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How to Help a Friend Who is Thinking About Suicide

Focus on the Family / Jim Daly
The Truth Network Radio
September 15, 2022 6:00 am

How to Help a Friend Who is Thinking About Suicide

Focus on the Family / Jim Daly

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September 15, 2022 6:00 am

According to Centers for Disease Control and Prevention (CDC) data, suicide is the second leading cause of death among people ages 10-34. And even though suicide is pervasive, the stigma around depression causes many to suffer silently. Tune in to learn key warning signs and find out how you can offer hope to loved ones battling despair. 


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It is worth staying in the game. You may not feel it today, you may not feel it tomorrow, but there are answers, so stay in the game. That's Dr. Gregory Jantz, and he joins us today on Focus on the Family to address a difficult but important topic. I do hope you'll stay with us as we discuss rising suicide rates and how you might be able to help a friend who feels hopeless.

Your host is Focus President and author Jim Daly, and I'm John Fuller. John, the stats on depression and suicide in the United States are deeply concerning and should be to the church too. According to the CDC, suicide rates increased almost 35% over the last 20 years. That's high.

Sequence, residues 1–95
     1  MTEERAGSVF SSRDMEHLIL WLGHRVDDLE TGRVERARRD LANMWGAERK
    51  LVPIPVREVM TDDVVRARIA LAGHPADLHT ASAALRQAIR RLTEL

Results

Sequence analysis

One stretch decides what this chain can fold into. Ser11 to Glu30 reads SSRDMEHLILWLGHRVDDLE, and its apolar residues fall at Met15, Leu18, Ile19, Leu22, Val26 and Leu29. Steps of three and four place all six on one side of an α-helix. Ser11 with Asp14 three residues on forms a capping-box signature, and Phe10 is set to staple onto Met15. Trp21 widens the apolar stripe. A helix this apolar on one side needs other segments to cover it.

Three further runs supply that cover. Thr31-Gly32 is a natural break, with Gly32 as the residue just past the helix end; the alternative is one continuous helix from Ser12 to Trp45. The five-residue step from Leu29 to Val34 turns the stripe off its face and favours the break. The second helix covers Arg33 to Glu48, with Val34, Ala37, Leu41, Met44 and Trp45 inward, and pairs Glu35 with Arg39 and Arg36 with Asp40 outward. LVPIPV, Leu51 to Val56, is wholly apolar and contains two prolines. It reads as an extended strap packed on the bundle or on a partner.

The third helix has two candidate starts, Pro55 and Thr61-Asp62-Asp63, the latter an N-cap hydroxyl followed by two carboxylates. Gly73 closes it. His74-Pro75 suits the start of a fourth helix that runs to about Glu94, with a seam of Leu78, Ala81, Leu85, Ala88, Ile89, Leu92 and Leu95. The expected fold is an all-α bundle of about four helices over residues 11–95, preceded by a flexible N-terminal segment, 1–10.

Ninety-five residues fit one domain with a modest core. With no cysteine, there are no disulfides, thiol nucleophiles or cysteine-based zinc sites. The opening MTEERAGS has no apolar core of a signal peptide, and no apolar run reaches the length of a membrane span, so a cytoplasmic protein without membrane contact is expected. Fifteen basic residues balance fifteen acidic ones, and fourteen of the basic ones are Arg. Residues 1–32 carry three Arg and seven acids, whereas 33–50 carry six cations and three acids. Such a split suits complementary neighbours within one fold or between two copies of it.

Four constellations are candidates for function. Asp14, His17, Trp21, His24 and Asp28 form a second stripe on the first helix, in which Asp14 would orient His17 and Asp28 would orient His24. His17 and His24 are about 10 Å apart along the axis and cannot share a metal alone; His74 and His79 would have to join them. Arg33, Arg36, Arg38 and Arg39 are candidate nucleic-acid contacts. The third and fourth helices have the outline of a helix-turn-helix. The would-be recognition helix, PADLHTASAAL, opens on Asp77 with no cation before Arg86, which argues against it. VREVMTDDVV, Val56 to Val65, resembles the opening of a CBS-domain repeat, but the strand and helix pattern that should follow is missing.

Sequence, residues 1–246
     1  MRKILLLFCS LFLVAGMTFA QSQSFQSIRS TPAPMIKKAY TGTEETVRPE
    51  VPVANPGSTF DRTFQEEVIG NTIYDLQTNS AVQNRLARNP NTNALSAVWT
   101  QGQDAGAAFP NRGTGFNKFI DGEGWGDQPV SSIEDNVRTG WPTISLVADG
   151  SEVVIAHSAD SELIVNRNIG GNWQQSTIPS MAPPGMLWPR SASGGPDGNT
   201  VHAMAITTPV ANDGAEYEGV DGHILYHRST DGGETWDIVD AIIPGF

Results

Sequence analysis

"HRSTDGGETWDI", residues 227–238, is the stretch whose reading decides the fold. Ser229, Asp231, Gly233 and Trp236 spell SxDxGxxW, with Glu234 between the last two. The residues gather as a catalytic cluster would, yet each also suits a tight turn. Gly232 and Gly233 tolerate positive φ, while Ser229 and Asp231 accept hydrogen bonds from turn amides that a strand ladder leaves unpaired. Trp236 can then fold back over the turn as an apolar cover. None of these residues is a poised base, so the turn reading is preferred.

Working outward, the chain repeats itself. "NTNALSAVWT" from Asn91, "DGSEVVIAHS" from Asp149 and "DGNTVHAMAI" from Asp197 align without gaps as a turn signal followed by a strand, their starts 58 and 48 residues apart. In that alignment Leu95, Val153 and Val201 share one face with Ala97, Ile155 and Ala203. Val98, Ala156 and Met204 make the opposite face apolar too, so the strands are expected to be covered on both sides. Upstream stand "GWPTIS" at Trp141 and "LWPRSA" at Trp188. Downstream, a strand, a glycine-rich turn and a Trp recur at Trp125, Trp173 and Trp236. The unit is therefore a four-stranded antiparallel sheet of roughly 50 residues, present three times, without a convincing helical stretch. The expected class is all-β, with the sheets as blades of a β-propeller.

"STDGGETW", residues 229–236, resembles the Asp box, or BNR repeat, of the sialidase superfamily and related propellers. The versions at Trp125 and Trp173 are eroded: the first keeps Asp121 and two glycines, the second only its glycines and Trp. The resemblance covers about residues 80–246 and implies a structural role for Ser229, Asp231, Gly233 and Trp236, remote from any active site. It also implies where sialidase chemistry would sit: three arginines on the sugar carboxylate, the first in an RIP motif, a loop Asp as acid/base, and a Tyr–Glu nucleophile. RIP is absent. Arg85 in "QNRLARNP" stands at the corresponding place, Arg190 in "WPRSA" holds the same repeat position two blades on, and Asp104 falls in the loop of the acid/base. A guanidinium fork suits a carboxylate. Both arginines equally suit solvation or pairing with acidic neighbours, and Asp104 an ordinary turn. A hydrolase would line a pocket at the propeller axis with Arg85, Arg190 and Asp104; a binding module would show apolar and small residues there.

That's astounding. And one person dies by suicide in our country every 11 minutes. And I know some are saying, why would you cover this topic? Because we need to. I think as the Christian community, we should be able to step into this gap and give spiritual, emotional, and physical reasons for why it exists and what are the ways for someone to find their way through this.

It's difficult. Even though this problem is pervasive, I think the point is the stigma of depression has really stuck around. I don't think we've dealt with how to help people, so they carry that guilt and shame and oftentimes in the pews suffer silently because they don't want to talk about it. Depression is a complex web and it can affect anyone at any time, young or old, humble, successful, it doesn't matter. Today, we want to equip you to notice and step in when a friend or family member is sinking into despair. Yeah, and if you know someone struggling, loved one or friend, a really good starting place is our website. At FocusOnTheFamily.com slash broadcast, you'll learn more about resources like Alive to Thrive, our free online curriculum to help you with teens who might be battling suicidal thoughts. Additionally, we have caring counselors here and we'd be happy to connect you with one of them.